Because KOOL-TV's programs are so popular, it is able to—and does—carry 15 minutes of advertising per hour, including on its Saturday morning children's program. Is this permissible?
no, because 15 minutes of commercials per hour does not comply with the legal requirements for children's programming on broadcast television stations
Ramon is the Democratic candidate for governor. He purchases 60 seconds of time on Channel 3 and runs a campaign ad two weeks before the general election. Alycia is the Green Party candidate for governor. She asks Channel 3 to sell her a minute of time. Channel 3's general manager
must sell Alycia 60 seconds of time
Cable laws allow franchising authorities to require local cable systems to provide access channels for public, educational and government use
Federal law says FCC decisions should be based on
The public Interest
Which of the following is the most important justification courts use to defend broadcast regulation?
During the general election campaign, Channel 3 decides to use four consecutive Wednesday nights from 6:30 p.m. to 7 p.m. to interview candidates for governor. On consecutive programs, Channel 3 invites on the program and interviews Sarah, then Tim, then William, and then Marilyn. Don, who is running for governor as a member of the Slippery Party, demands Channel 3 give him 30 minutes of time. Channel 3
must give Don 30 minutes of free time
Cable television regulation is in the hands of city governments exclusively; the U.S. Congress has adopted no cable television laws.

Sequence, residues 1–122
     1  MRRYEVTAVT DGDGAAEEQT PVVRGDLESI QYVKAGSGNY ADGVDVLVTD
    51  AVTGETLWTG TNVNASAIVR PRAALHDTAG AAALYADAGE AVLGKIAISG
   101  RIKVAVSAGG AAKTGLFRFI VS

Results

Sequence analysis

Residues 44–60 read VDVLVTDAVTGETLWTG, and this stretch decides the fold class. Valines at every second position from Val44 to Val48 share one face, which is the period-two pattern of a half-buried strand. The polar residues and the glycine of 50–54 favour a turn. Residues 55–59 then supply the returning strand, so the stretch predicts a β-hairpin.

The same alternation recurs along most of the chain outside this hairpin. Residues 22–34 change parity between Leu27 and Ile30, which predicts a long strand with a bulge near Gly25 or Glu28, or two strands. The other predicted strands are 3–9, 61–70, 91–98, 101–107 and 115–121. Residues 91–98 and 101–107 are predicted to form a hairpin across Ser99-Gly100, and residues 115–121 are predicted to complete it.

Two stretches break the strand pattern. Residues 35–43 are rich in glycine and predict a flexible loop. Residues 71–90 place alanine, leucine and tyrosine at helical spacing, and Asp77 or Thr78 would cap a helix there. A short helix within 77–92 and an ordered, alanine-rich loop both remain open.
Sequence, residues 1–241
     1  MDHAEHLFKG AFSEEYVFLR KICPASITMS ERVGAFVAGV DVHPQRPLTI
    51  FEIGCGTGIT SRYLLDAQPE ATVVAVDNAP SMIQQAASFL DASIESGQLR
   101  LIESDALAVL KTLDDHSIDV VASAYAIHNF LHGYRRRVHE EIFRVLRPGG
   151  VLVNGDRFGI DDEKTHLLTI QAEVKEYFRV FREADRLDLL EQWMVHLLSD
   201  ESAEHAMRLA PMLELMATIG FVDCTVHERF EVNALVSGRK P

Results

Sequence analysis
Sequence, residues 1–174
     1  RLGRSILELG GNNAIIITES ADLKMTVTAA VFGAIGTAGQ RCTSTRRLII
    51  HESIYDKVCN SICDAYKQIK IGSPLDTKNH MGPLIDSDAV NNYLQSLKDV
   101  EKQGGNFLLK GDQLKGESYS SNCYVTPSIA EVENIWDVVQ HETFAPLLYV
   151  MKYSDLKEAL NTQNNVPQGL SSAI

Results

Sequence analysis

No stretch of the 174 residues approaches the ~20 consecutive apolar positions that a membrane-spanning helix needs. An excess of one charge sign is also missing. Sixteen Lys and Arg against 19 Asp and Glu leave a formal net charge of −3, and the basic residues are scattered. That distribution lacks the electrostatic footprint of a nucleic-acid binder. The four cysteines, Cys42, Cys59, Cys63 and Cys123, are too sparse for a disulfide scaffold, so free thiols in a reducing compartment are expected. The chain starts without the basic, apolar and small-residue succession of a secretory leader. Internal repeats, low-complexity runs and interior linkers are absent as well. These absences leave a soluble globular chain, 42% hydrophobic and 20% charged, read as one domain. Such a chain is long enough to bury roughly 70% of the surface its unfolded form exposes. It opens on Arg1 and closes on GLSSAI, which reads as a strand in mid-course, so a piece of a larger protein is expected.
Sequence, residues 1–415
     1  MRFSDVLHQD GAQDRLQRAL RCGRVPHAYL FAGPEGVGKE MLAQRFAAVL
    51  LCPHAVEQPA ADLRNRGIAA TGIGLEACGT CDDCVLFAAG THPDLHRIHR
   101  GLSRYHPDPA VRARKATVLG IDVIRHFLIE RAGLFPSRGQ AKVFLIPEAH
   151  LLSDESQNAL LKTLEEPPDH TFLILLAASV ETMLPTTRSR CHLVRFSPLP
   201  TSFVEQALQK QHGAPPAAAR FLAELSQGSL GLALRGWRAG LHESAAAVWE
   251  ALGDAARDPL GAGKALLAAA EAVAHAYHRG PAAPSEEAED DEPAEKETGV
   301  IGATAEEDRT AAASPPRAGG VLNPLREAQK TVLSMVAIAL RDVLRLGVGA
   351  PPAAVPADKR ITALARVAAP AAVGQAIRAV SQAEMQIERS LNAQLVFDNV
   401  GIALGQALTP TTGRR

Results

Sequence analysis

The Federal Communications Commission's funding comes from
The legislation currently regulating broadcast radio and television stations in the United States is the
Communications Act of 1934
What event prompted the U.S. Congress to regulate radio broadcasting?
the Titanic disaster
FCC commissioners serve
5 year terms
All local cable television systems are allowed to use public rights-of-way without paying a fee to the government that controls the rights-of-way.
Section 315 (political broadcasting and cablecasting) is in effect
all the time
A group of citizens in the State of Zipzap gets enough valid signatures on a petition to put a referendum on the ballot that would require the state legislature to adopt a state holiday on Charles Dickens' birthday. An all-news radio station sells advertising time to those who favor the holiday, but refuses to sell time for advertisements against the holiday. The anti-Dickens group tells the station manager that under Section 315, the manager must give the group equal opportunity. Who is correct, and why
the station, because Section 315 does not apply to ballot issues, only to political candidates
Which provisions of cable law allow cable television systems to provide local television station signals to the systems' customers?
must carry and retransmission consent
The Federal Communications Commission regulates
broadcast radio and television
An FCC license is not required to operate a radio station that has a signal reaching only two or three miles from its transmitter in the United States.
Cable television began in the late 1940s because mountains and other barriers prevented local television station signals from reaching some people's homes.
A week before the general election, John, a legally qualified candidate for mayor, is asked to make a free appearance on a radio station's Saturday morning children's book program. John does so and reads from "Charlotte's Web." Sara, a legally qualified candidate for mayor, demands time from the station. The station manager
need not give Sara any time, because John did not purchase an advertisement
Section 315 of the Communications Act of 1934
requires broadcast stations and cable systems to make equal opportunities available to legally qualified candidates for the same political office
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Broadcast Law & Ethics Exam 1